3 needs to be established. Training needs adequate time, and more than one training session may be needed. The most usual operating teams consist of 2 ‘imagers’ one of whom concentrates on operating the camera and the other on the essential note taking. A third, a director/‘imager’ may be added to help coordination. 8. Note taking Image interpretation is not straightforward. One cannot stress enough the need for careful notes of the weather, building structures & any anomalies found. Anomalies to keep an eye open for are unexpected colours / temperatures in the image. Then it’s best to try to establish & note the possible explanation. The householder’s explanation / opinion is likely to help. Knowing the weather conditions & building structure (e.g. insulation already installed etc.) helps with image interpretation. Field Note Taking is helped by having pre prepared forms for the imagers to complete on site whilst out imaging (see one example used, Appendix B ). 9. Downloading, Processing Images & Producing Reports This can take longer per property than the imaging itself. But for maximum impact the results should be fed back to the householder fairly quickly, say within a month. Before starting report production it is necessary to decide the nature of the reports to be produced, the colour palette for the images, the software to use (this can be camera software alone or in combination with other software e.g. JPEG & MS Word), and how they will be conveyed to householders. Some opt for reports of several pages using camera software, incorporating not only Red-Blue palette thermal images, but added normal digital images of the properties as well. Some used the camera software to process the thermal images, but produced their 1 or 2 page reports with JPEG images using MS Word (see example Appendix A). One community opted to save paper by circulating images via email and only printing images for householders without computers. All the communities managed to get example results in village & local publications & on display boards at local events, all of which helps to convey the message. 10. Reactions Our community projects have been well received. Thermal imaging is fascinating. People were very interested to see the results and pleased to have the images and analyses. Sometimes it did not tell them much they did not suspect or know, but it emphasised their energy loss and added to motivation. As with most motivational projects continued follow-up & varied approaches are needed.

4 Perhaps the most difficult aspect is getting people to act on the information received and to spend their hard earned cash on energy saving improvements. One suggestion is for a suitable member of the team to return to the householder say about one or not more than two weeks after they have received the thermal image results to discuss possibilities. For this it is helpful to have details / publications on energy saving and its costs & returns produced by organisations such as the Thames Valley Energy Centre and the Energy Saving Trust. However, energy prices are going to rise further and people will start to see an even stronger need for making the necessary savings in the home. 11. Conclusion Good - Planning, Organisation, Team Selection, Training, Communication & Commitment are the keys to success.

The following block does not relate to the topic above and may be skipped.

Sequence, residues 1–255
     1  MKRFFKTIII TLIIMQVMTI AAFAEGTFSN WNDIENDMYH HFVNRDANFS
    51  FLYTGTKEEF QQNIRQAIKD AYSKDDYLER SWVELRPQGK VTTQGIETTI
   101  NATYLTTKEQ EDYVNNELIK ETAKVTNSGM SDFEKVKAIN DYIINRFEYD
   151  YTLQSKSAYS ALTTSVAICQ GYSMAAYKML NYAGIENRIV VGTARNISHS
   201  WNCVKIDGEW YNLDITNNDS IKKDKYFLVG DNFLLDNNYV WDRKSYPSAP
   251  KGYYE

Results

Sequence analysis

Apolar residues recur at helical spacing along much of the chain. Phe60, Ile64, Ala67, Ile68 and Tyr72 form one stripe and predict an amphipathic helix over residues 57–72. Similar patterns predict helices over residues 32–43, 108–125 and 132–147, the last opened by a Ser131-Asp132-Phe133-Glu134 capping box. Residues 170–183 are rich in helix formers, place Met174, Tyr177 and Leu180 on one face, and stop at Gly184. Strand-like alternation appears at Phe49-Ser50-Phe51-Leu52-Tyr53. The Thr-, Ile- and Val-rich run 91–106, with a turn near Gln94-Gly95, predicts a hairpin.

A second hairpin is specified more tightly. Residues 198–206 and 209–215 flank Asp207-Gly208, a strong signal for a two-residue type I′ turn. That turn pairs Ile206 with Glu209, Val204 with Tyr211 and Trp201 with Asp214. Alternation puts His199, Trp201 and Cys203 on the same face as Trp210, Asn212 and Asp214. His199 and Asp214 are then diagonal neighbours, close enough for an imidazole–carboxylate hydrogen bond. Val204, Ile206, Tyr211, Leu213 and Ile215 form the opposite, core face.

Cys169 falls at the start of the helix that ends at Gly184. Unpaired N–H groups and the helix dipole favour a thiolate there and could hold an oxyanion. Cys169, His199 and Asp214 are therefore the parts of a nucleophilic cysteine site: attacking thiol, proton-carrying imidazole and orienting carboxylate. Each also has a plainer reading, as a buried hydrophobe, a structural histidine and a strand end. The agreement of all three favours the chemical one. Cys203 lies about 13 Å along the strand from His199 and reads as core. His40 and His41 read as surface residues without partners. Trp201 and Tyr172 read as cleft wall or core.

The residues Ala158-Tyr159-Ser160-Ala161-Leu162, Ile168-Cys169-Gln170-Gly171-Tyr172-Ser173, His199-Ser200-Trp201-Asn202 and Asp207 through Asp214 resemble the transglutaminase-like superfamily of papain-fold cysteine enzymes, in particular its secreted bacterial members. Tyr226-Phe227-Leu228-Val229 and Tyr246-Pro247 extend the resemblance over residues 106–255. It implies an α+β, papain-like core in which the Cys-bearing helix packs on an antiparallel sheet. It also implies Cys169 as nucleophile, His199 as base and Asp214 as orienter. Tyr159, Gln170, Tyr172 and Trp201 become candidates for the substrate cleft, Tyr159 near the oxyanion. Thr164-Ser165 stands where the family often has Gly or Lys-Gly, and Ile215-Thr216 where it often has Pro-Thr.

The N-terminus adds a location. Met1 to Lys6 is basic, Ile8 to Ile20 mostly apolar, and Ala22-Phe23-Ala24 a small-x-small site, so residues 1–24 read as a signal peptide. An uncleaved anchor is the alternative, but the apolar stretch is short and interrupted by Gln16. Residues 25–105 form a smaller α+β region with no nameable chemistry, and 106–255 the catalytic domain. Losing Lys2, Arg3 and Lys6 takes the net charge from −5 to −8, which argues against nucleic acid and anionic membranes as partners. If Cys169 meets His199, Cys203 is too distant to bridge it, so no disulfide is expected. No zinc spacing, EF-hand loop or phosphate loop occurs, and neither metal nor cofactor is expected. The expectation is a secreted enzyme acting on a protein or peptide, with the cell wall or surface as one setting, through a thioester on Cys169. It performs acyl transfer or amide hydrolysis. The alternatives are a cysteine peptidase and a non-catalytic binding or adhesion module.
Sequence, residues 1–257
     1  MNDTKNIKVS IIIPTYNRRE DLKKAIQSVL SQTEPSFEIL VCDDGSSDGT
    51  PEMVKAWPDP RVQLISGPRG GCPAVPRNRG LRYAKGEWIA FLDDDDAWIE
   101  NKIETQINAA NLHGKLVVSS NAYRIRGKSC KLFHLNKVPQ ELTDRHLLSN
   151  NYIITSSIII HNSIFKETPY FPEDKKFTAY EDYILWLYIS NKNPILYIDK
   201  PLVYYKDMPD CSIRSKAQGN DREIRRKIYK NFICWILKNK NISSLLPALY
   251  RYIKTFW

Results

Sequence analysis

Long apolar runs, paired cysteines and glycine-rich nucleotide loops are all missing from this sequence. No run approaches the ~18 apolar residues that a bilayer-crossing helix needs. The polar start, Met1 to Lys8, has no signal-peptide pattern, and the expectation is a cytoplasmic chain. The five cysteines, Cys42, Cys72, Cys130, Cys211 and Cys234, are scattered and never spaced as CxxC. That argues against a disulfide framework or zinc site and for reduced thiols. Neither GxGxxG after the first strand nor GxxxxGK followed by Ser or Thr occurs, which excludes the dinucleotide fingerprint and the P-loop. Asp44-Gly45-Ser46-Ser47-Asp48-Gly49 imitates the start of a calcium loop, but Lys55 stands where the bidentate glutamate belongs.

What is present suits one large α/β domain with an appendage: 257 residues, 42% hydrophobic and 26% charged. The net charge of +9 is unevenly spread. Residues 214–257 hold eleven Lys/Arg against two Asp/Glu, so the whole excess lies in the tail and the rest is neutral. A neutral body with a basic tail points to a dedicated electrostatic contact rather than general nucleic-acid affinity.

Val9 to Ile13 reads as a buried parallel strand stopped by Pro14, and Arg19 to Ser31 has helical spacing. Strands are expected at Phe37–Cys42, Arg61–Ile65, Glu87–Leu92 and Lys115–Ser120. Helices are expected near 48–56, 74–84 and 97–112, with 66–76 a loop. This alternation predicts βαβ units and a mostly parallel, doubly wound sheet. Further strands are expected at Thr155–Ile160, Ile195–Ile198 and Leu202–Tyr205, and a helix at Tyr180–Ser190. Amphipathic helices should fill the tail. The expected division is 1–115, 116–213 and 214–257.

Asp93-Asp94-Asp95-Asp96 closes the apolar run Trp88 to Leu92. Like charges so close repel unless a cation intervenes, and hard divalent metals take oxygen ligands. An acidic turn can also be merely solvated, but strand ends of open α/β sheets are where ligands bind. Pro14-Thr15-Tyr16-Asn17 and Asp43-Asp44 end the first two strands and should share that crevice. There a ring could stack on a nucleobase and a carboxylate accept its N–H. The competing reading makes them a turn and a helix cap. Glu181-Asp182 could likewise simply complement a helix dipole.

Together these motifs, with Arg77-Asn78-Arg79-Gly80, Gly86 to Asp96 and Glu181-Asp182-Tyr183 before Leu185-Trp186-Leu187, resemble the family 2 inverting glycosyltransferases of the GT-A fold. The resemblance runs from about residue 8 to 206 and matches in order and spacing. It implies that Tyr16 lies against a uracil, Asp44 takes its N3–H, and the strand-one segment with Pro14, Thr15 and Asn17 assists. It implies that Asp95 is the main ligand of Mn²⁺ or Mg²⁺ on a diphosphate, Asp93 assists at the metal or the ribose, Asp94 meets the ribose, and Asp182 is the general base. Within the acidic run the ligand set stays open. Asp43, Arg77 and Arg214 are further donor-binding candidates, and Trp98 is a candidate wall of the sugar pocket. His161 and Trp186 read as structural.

Peter Varley – BcS Environment Group 30.10.09


APPENDIX A Brightwell-cum-Sotwell

Thermal Imaging Study
Imagers: K. Brooks & J. Rodda Temperatures: Outside: 7 º C Image Address: Village Hall Wall Structures: Solid brick main Time: 10.00 Inside: 10 º C Build Date: Date: 8.3.08


Householder: The Village

Window Types: Upper single glazed & Roof: Tile

building & cavity in extensions

double glazed in extensions

non insulated.

Image No. Orientation & Comments ▼

IR 20080308 No. 341 South Elevation Front of the Village Hall One can detect the level of the suspended ceiling and where the radiators have been heating the uninsulated wall. The lower red marks are the wooden boards.

IR 20080308 No. 338 North Elevation Rear of the Village Hall Shows the insulated extension compared with the poorly insulated main roof & walls. Lower windows &doors double glazed but it was warmer inside there.

Note We would be delighted to hear of any Energy Saving improvements you make.


IR 20080308 No. 343 South elevation Heat escaping from the open front door so shut the bdoor Please. The white spot is a direct view of the hall radiator.

Note We would be delighted to hear of any Energy Saving improvements you make.